Hocus Pocus celebrates it's 20th Anniversary this year. The Disney hysterical and spooky movie starring Bette Midler and Sarah Jessica Parker, tells the tale of three wicked sisters who brought back to do more terrible deeds.
However, is this still a hilarious childhood romp or is it just as dead now as it was back then? Hayley and Robbie fight it out....
Hocus Pocus is, absolutely, a product of the 90's. Directed by High School Musical’s Kenny Ortega, and starring a young Thora Birch, the kid from Eerie Indiana, and the queen of supporting roles in 90s comedy Kathy Najimy, it is a hilarious, camp, and surprisingly adult Halloween romp.
In the 1700s, witches the Sanderson Sisters (played by Najimy, a not-annoying Sarah Jessica Parker, and the goddess that is Bette Midler) drain the life of Emily Binx to regain their youth, and plan to do the same to all the children on Salem. In an attempt to save his sister, Thackery Binx is turned into a cat for all eternity. The witches are caught and hanged (a rare bit of accuracy, witches in Salem were never burned at the stake) but cast a final spell so that, on All Hallows Eve when the moon is full, they will return when a virgin lights the Black Flame Candle.
Fast-forward to the distant future of 1993, and angsty, sceptic teenager Max (Omri Katz) takes his little sister Danny (Thora Birch) and his crush Alison (Vinessa Shaw) to the old Sanderson house, and, in a triumphant moment of stupidity, lights the damn candle. What follows is Max, Alison and Danny, along with taking cat Binx and zombie Billy Butcherson (played by the inimitable Doug Jones) in a desperate race against the clock to prevent the witches from stealing the lives of Salem’s children before sunrise.
Hocus Pocus is a very 90's film, so I can understand how someone who wasn’t growing up in 1993 like Robbie might not be as enamoured with it. But it is all the better for being a 90's Disney live action film. It treats its young audience with intelligence, opening with the difficult subject matter of a brother failing to save his sister’s life, and believes the viewers have the emotional maturity to reconcile that with the humour on display. Disney Channel movies of the new millennium? An amoeba could grasp the emotional complexity. (That said, I do still love High School Musical. Thank you again, Kenny Ortega.)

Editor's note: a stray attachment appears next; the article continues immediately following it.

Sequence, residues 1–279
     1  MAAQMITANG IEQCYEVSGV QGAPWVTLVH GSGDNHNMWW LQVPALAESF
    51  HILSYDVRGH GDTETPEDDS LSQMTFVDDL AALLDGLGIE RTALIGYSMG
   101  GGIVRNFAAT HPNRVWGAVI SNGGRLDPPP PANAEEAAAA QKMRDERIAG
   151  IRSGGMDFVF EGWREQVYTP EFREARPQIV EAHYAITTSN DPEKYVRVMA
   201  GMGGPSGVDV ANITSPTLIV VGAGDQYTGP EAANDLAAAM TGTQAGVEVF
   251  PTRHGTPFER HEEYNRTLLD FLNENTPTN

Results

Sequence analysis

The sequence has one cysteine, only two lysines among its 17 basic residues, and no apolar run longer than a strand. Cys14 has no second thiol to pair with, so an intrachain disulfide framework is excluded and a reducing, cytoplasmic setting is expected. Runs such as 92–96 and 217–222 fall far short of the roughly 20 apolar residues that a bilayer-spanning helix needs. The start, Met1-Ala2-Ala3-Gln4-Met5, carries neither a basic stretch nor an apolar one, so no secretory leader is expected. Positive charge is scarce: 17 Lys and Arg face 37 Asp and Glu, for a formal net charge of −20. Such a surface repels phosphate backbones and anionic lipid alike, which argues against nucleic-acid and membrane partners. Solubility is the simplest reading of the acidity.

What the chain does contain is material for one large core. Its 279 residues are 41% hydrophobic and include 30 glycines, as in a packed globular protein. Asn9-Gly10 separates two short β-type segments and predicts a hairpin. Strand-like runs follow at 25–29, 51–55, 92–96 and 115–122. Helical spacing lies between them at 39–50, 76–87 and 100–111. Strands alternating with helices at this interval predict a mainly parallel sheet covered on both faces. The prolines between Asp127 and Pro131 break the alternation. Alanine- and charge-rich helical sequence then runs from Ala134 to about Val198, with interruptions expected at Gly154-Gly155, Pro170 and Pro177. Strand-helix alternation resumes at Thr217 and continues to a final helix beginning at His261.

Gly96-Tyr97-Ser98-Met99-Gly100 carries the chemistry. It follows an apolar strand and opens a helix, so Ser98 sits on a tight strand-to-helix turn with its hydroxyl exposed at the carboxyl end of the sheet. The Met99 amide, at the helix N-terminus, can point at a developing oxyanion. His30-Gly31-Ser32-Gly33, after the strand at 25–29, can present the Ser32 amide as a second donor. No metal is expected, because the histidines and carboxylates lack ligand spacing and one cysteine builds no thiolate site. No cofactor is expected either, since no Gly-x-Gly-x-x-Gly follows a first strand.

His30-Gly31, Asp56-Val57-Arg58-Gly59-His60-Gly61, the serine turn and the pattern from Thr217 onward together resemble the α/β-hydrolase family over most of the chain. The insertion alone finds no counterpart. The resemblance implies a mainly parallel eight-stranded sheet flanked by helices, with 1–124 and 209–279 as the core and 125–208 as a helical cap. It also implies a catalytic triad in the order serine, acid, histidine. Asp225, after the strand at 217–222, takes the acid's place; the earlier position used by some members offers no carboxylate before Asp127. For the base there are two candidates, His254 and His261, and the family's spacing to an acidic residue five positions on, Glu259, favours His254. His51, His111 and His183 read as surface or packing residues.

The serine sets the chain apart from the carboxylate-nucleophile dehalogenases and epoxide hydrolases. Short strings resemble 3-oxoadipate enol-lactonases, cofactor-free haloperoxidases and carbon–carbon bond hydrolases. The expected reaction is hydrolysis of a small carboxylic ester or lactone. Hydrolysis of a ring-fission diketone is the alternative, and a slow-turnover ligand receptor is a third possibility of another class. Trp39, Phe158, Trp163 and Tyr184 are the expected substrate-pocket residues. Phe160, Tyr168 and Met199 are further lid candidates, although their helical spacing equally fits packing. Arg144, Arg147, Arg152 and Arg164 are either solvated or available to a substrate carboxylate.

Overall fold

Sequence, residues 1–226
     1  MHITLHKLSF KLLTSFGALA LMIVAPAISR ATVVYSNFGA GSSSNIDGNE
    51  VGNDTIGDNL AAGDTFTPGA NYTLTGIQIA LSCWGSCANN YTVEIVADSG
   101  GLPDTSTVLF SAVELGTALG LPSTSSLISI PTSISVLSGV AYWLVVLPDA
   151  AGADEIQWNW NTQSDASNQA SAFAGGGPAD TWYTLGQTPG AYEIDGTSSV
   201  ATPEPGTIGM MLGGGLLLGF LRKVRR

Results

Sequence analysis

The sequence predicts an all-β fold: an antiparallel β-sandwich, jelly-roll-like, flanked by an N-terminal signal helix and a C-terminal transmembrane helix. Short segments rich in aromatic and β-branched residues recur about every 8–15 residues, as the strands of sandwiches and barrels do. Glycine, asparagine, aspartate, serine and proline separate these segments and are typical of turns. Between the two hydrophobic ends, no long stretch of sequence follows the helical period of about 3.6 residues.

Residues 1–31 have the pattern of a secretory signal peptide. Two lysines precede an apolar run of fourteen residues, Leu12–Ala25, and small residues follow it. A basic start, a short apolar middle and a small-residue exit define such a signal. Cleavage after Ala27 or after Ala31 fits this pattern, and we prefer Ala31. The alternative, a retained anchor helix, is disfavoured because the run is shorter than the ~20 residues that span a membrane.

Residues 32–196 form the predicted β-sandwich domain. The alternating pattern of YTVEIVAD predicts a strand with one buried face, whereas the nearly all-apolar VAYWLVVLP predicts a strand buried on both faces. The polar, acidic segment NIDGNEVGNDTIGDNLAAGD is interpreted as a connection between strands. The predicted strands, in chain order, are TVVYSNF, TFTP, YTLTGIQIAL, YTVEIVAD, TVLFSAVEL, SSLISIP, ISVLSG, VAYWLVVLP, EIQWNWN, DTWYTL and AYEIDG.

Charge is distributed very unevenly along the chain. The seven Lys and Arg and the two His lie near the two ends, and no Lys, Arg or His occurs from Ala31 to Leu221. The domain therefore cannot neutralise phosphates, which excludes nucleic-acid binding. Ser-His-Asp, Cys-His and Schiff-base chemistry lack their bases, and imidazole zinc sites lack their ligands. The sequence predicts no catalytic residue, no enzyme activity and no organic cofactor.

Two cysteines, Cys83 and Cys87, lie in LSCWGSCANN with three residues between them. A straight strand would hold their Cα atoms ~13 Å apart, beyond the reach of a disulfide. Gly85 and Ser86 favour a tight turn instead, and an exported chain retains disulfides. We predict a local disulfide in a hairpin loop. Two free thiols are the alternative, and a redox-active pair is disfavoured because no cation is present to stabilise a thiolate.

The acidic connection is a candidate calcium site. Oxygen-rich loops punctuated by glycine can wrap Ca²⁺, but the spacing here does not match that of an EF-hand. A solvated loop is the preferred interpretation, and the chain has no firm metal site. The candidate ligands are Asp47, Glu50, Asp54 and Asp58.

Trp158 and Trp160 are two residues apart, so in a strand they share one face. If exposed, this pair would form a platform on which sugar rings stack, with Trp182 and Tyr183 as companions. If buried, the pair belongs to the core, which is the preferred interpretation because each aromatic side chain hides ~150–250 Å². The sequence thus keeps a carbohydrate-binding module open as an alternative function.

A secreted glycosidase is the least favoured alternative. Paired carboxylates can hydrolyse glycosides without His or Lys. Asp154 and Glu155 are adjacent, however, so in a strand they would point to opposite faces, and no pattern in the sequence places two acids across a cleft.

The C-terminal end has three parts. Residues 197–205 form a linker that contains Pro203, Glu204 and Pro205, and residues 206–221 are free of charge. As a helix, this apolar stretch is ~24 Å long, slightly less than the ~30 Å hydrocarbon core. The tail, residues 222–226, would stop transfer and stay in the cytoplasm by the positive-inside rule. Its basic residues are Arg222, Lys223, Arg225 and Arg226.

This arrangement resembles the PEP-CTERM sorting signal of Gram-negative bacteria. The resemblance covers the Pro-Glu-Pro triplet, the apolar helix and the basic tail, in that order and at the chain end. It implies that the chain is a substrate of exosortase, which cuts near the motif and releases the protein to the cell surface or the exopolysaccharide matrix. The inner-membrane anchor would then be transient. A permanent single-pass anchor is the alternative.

There are very, VERY few films that me and my sister agree on. There are those she laughs her arse off at which didn’t even make me smirk (White Chicks, The Burbs, Grease 2) and the films that not only I but several people acclaim but she just passed off as rubbish (The Social Network, Scott Pilgrim vs. The World, Crazy Stupid Love). So whenever we sit down to watch a film, I hope I like the movie. I WANT to like the film. And this was the situation I was in last October when she sat me down to watch Hocus Pocus. I thought, "this could finally be the film that we can talk about for years”.
I don’t even know where to start here. It’s not one of the worst films I’ve ever seen but boy is it close! The cast are absolutely appalling; Bette Midler, Sarah Jessica Parker and....um...the other one, they are all absolutely cringe worthy. Fair enough, they are witches and they act very over the top, which was probably the idea of their roles but it just didn’t work for me. However, they can get a pass as long as those damn kids are around. I was actually shocked to find out that the little sister in the movie later played Kevin Spacey’s daughter in American Beauty, a role which she was rather superb in. Now, I suppose I shouldn’t throw too much hate on them; 95% of child actors aren’t great. But they were so annoying! Their voices just drove me more and more to the point of insanity and nothing was helped by that cat, Binx, whose English accent got gradually more and more grating.
Everyone has different opinions; that’s what this article is supposed to show. And I respect the opinions of Hayley, my sister and everyone who likes this film. But at the time, I looked at my sister enjoying the film and all I could think “Are we watching the same film? What are you enjoying about this?” and then it hit me; she was 6 years old when she saw this film. I was 14. She had nostalgia on her side, and at the time, surely this must’ve been absolutely wonderful. Maybe if I had seen it 7 years younger I’d be singing its praises but all I can see is an awful piece of cinema, riddled with bad performances and drawn out sequences. Like I said, not one of the worst films ever but certainly not one that will pop up on a best ever list. If you haven’t seen this and have ventured into adulthood, I’d say give this a miss, as it just won’t have the intended effect on you.
Who do you agree with? Let us know in the comments!